I don't think the multiple numbers for calls works. Some regions will have more limited resources. There would also likely be some wrong numbers if 911 is only for police. How long will it take people to internalize that they should call 811 for fire, and 711 for medical? Is this something kids or tourists can learn? There is also the reality that many situations involve multiple emergency agencies. If a building catches fire that could necessitate firefighters and ambulances. In addition, one serious problem is that there are too many civilians who call for the police when it's not necessary, and this doesn't address that. Civilians aren't going to do a great job of recognizing when mental health professional sare needed.

    I definitely agree we should eliminate the idea of having fines mainly to raise cash. There can specifically be some systems in place to reverse that. However, a truth is that many of these laws exist for a reason. We don't always want someone to set up a bazaar on city streets, and sending a letter means the problem isn't resolved quickly.

    If the police don't respond to minor violations, there will be delays in people learning of potentially serious problems, to say nothing of the possibility they'll get fined multiple times for the same offense.

    I certainly agree on the need for clear standards on when to pull over cars. Even if there may be one or two other situations which merit it, clear standards can be good. I have no problem with getting rid of pretext stops.

    https://www.pewtrusts.org/en/*******...-lawmakers-say

    One potential problem with making it up to local leaders to enforce a curfew is that they have no authority to back up their requests.

    An absolute standard against using force on a minor is likely to backfire when teenagers commit serious crimes.

    I wish the legislators dealing with the issue put the same amount of thought into their comments and proposals as you did here.
    Sincerely,
    Thomas Mets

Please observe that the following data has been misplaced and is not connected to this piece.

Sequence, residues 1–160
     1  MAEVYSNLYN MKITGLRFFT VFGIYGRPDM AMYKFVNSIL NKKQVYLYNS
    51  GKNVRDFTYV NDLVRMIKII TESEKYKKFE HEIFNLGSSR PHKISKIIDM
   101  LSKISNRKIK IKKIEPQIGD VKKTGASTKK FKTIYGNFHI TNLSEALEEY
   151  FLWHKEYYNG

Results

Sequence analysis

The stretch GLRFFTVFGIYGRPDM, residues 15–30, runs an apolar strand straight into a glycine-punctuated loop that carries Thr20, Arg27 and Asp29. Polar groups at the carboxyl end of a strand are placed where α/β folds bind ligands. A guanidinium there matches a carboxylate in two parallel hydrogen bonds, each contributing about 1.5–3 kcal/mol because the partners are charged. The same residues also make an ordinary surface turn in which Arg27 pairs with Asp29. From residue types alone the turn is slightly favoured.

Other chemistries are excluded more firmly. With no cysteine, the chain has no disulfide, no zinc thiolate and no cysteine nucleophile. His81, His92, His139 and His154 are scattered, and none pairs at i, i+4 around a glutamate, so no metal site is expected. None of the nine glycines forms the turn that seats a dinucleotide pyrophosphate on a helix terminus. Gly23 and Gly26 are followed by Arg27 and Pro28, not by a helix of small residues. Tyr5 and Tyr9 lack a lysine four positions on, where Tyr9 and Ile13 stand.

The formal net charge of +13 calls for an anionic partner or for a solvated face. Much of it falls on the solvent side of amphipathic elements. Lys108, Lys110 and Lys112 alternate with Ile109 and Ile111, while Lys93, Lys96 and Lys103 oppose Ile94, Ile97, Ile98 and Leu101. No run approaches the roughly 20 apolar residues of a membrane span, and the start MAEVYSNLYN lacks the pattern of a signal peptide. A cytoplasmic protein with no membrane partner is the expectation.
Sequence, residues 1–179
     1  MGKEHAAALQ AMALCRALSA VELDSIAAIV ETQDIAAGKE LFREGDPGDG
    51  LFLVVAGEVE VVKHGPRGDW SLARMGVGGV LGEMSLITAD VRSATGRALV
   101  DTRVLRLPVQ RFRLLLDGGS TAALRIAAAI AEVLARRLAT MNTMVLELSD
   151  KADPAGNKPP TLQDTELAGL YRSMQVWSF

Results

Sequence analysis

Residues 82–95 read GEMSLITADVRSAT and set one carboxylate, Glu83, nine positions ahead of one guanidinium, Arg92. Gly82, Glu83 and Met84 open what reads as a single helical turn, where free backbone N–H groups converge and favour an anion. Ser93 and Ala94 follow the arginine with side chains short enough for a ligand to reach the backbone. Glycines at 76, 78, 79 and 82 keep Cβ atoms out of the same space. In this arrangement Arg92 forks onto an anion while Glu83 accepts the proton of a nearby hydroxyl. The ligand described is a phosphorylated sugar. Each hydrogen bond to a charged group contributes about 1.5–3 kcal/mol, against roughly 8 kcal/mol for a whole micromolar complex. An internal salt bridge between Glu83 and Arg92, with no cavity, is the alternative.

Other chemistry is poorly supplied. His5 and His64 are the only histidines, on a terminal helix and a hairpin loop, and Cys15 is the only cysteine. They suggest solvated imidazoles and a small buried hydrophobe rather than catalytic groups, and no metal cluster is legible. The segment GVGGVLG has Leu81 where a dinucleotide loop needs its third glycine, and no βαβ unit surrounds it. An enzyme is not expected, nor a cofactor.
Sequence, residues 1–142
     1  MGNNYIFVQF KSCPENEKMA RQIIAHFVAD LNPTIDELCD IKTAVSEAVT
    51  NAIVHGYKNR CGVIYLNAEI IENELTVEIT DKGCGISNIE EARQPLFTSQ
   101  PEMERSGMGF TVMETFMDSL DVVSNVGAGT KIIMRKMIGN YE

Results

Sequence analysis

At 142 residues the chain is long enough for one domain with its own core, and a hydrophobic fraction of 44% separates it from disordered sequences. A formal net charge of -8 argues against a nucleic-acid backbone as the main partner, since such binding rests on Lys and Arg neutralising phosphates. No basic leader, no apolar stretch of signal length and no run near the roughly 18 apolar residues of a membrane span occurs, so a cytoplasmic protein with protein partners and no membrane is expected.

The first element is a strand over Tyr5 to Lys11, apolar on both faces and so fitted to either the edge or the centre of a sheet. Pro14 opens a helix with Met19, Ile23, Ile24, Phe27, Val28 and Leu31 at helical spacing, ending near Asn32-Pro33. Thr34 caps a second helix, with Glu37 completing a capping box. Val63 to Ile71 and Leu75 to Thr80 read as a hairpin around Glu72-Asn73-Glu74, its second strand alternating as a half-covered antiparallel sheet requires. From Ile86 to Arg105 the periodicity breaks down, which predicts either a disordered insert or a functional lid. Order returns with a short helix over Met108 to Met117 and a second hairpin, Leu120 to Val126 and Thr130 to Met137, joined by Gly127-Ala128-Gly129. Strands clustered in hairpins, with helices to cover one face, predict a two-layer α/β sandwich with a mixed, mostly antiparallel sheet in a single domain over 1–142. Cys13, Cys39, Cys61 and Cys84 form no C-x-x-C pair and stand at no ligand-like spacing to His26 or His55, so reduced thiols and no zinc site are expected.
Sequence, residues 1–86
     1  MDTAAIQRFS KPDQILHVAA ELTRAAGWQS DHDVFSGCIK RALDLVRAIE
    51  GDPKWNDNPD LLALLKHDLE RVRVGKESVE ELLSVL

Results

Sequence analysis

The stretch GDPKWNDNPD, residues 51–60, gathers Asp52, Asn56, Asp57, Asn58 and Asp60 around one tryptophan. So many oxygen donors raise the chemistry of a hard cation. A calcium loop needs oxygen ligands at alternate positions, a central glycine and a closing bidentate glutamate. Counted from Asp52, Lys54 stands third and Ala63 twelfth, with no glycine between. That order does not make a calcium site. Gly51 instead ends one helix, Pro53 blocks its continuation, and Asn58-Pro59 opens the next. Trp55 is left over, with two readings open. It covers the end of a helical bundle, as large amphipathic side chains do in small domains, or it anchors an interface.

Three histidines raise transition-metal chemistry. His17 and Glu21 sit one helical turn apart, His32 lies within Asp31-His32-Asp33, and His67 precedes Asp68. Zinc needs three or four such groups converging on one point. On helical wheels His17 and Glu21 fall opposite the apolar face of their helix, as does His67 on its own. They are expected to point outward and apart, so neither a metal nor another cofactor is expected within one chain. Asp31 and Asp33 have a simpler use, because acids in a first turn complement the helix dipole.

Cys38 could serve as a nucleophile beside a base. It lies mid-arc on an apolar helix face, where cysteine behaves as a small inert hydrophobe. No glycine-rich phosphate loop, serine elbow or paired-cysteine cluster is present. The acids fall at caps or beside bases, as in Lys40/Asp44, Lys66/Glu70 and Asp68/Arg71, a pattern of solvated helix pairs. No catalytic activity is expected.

3. #27708
    Amazing Member Adam Allen's Avatar
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    Quote Originally Posted by WestPhillyPunisher View Post
    It sounds crazy where you are. Please, stay safe.

    Meanwhile, here in Philly, the supermarket I regularly shop at half a mile from my house put up the plywood on its windows. Can't say I'm surprised since my neighborhood got hit plenty hard by rioting and looting a year ago, I'm sure businesses from coast to coast will be going into board up mode as a hedge against a repeat performance should Chauvin be acquitted. The whole damn country will be nervous awaiting the verdict.
    Thanks, man. Yeah, I'm sure I will be okay -- no reason I would be any specific target, and no plans to get out into the mayhem if it starts up, so not so much worried for myself. I love my town though, and there's a lot of people a lot more vulnerable than me, so ... yeah, just really hoping the verdict goes the way it rightfully should!

    And yeah, the plywood look has been the default decor around these parts for about a year now. And of course, very much become just all the rage everywhere, in the last week. Here is hoping it's something we all see less of, going forward.
    Be kind to me, or treat me mean
    I'll make the most of it, I'm an extraordinary machine